INITIAL CLAIMS: STRONG DATA CONTINUES TO PUSH THE LONG END OF THE CURVE HIGHER - 13

 

INITIAL CLAIMS: STRONG DATA CONTINUES TO PUSH THE LONG END OF THE CURVE HIGHER - 19

 

INITIAL CLAIMS: STRONG DATA CONTINUES TO PUSH THE LONG END OF THE CURVE HIGHER - 14

 

Yield Spreads

The 2-10 spread rose 1 basis points WoW to 243 bps. 4Q13TD, the 2-10 spread is averaging 233 bps, which is lower by 1 bp relative to 3Q13.

 

INITIAL CLAIMS: STRONG DATA CONTINUES TO PUSH THE LONG END OF THE CURVE HIGHER - 15

 

INITIAL CLAIMS: STRONG DATA CONTINUES TO PUSH THE LONG END OF THE CURVE HIGHER - 16

 

 

Joshua Steiner, CFA

 

Jonathan Casteleyn, CFA, CMT

 


[Podcast] McCullough: The #NOTaper Trade Is On

Hedgeye CEO Keith McCullough delivers a Thanksgiving Eve morning macro call discussing the markets and economy with particular emphasis on the US Dollar, 10-Year Treasury and Gold.

 


#NoTaper Trade? On.

Client Talking Points

US Dollar

Down Dollar. That's what you get when your centrally planned market is trying to front-run the Fed’s next move. It's officially the third down week in a row now for your Burning Buck post Janet "Mother of All Doves" Yellen's no-taper confirmation. Meanwhile, across the pond, the Euro and Pound are strong like bull versus the USD. It's sad.

UST 10YR

Bonds Yields are continuing to confuse consensus (CFTC futures/options net short position in the long bond is at year-to-date highs). But hope for a December taper is fading fast just like the US Dollar’s purchasing power. TREND support for 10-year yield is 2.64%. Keep an eye on that level.

GOLD

Question: Gold likes what?

Answer: Down Dollar + Down Rates

Yup. Gold made another higher-low yesterday (versus the June 27th closing low of $1200.67). It's up +0.75% this morning. The next line of resistance to keep an eye on is $1285/ounce. If you haven't watched it already, here's my video on Gold from yesterday.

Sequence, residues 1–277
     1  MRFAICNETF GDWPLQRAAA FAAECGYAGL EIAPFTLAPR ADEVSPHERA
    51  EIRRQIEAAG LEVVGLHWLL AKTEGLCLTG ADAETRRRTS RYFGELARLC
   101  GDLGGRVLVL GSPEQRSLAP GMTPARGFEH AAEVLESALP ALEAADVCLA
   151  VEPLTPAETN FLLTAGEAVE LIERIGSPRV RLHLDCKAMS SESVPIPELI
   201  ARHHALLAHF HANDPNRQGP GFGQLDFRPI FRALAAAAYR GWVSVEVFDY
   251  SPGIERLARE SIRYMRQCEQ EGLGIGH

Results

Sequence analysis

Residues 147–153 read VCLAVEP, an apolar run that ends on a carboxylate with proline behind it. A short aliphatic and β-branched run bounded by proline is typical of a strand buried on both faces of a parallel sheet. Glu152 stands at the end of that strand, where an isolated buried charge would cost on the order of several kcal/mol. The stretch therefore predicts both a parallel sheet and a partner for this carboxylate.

Asset Allocation

CASH 42% US EQUITIES 8%
INTL EQUITIES 8% COMMODITIES 8%
FIXED INCOME 8% INTL CURRENCIES 26%

Top Long Ideas

Company Ticker Sector Duration
FXB

Our bullish call on the British Pound was borne out of our Q4 Macro themes call. We believe the health of a nation’s economy is reflected in its currency. We remain bullish on the regime change at the BOE, replacing Governor Mervyn King with Mark Carney. In its October meeting, the Bank of England voted unanimously (9-0) to keep rates on hold and the asset purchase program unchanged.  If we look at the GBP/USD cross, we believe the UK’s hawkish monetary and fiscal policy should appreciate the GBP, as Bernanke/Yellen continue to burn the USD via delaying the call to taper.

WWW

WWW is one of the best managed and most consistent companies in retail. We’re rarely fans of acquisitions, but the recent addition of Sperry, Saucony, Keds and Stride Rite (known as PLG) gives WWW a multi-year platform from which to grow. We think that the prevailing bearish view is very backward looking and leaves out a big piece of the WWW story, which is that integration of these brands into the WWW portfolio will allow the former PLG group to achieve what it could not under its former owner (most notably – international growth, and leverage a more diverse selling infrastructure in the US). Furthermore it will grow without needing to add the capital we’d otherwise expect as a stand-alone company – especially given WWW’s consolidation from four divisions into three -- which improves asset turns and financial returns.

TROW

Financials sector senior analyst Jonathan Casteleyn continues to carry T. Rowe Price as his highest-conviction long call, based on the long-range reallocation out of bonds with investors continuing to move into stocks.  T Rowe is one of the fastest growing equity asset managers and has consistently had the best performing stock funds over the past ten years.

Three for the Road

TWEET OF THE DAY

That's the problem with academics, they think they know it all and really don't want to learn. @Wesbury

QUOTE OF THE DAY

"I have no special talents. I am only passionately curious." - Albert Einstein

STAT OF THE DAY

According to Forbes, the 400 wealthiest Americans have more wealth than the bottom 150 million Americans combined.


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This indispensable trading tool is based on a risk management signaling process Hedgeye CEO Keith McCullough developed during his years as a hedge fund manager and continues to refine. Nearly every trading day, you’ll receive Keith’s latest signals - buy, sell, short or cover.